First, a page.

- In a presolicitation information memorandum sent to potential contractors and concessionaires interested in being part of a $7.6 billion public-private partnership for construction and operation of managed lanes on Interstates 495 and 270 in Maryland, the state’s DOT has indicated it could split its Traffic Relief Plan into several different phases, each with its own P3 contract. The DOT sent the memo in advance of a December industry forum where officials will meet with potential bidders.
- The MDOT said the potential first phase would be worth between $2 billion and $5 billion and would see the winning bidder design, build and finance managed lanes from Virginia into Maryland, rehabilitate the American Legion Bridge, which crosses the Potomac River, and then operate and maintain the managed lanes and associated infrastructure for 50 years. The MDOT plans to short-list qualified potential P3 teams and ask them to respond to a request for proposals. The agency said it will consider feedback it receives at the industry forum and is looking for “shockingly innovative approaches” to carrying out the P3 plan.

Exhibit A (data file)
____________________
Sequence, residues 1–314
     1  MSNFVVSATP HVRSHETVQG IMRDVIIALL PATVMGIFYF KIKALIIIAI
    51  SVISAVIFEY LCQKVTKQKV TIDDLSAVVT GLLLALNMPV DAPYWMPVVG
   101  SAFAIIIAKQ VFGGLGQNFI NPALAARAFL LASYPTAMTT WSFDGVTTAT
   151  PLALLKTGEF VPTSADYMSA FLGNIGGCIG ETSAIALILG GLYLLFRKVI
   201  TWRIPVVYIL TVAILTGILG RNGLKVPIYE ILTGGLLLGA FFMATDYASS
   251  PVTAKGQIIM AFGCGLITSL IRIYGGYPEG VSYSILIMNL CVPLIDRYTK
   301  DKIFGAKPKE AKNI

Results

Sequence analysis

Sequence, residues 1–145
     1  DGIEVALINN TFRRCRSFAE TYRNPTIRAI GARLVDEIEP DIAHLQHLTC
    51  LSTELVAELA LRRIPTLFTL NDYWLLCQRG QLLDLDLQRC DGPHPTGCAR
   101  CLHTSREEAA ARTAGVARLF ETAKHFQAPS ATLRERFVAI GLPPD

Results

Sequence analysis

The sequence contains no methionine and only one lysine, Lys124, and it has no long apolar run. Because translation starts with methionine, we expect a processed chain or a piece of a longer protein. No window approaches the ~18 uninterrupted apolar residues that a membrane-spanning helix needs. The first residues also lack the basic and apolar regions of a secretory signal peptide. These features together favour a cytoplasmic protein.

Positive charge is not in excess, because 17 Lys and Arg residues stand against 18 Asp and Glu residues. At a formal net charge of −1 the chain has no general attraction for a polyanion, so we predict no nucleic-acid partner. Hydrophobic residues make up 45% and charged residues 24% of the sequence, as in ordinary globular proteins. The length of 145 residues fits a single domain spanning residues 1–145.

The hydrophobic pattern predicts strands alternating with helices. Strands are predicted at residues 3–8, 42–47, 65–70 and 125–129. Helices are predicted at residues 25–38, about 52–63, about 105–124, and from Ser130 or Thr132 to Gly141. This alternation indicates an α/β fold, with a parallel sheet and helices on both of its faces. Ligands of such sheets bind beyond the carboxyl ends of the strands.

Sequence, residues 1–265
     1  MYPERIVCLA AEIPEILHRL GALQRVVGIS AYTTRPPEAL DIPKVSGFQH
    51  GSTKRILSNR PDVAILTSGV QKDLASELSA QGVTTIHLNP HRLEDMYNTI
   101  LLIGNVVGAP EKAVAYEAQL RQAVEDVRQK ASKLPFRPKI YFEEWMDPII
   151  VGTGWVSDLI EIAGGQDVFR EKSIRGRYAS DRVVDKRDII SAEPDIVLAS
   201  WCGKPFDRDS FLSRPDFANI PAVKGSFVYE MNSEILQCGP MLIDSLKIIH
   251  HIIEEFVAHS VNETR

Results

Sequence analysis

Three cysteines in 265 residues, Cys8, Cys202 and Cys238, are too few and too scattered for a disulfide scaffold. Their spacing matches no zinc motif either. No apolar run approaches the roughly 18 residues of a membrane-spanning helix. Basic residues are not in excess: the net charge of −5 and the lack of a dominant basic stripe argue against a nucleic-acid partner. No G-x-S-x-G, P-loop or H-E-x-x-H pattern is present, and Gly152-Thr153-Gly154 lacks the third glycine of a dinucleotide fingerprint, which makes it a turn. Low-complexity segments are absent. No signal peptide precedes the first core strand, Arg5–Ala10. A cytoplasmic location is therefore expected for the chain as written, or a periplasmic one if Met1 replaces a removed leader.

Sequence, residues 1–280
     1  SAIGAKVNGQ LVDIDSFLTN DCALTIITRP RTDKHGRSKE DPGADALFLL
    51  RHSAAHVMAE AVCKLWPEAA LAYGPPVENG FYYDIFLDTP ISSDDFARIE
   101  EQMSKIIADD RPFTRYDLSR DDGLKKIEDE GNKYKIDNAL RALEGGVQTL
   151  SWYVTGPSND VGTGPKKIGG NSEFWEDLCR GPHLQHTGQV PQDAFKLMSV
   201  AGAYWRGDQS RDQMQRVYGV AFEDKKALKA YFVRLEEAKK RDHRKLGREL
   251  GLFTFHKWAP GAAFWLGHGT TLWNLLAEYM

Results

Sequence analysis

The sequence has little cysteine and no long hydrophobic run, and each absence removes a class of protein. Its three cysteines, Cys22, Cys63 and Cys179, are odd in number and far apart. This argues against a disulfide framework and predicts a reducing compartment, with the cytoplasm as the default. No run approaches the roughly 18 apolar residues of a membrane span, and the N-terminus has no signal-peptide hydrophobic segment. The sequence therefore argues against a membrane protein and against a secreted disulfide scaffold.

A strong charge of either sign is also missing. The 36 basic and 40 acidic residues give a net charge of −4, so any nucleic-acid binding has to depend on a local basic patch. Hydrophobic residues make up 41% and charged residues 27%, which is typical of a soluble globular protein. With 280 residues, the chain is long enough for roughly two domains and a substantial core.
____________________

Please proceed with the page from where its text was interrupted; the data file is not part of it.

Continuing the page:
- The agency said its goals in pursuing its Traffic Relief Plan are to reduce congestion, accommodate expected long-term area growth, minimize environmental impacts, limit disruption to commuters through accelerated and efficient construction and accomplish all of this without dipping into state’s Transportation Trust Fund. According to a preliminary schedule included in the memorandum, the state expects to select a P3 team for the first phase in the third quarter of 2020.
In January, the MDOT announced that 27 private entities based in the U.S. and around the world had already expressed interest in participating in the project. The preliminary scope of work at the time was for the addition of four toll lanes to both I-495 and I-270.
The Washington D.C. metro area will likely see an increase in traffic thanks to Amazon’s decision to establish additional headquarters in Northern Virginia. Many of the 25,000 workers, particularly those with families, will no doubt seek homes outside urban areas, and that includes the Maryland suburbs.
Some of those workers who want to avoid interstate traffic will be able to take advantage of the Purple Line light rail system, which is under construction. The $5.6 billion, 16-mile line should be complete in 2022 and will provide Maryland commuters with a connection from suburban neighborhoods to the Washington Metro's Red, Green and Orange lines.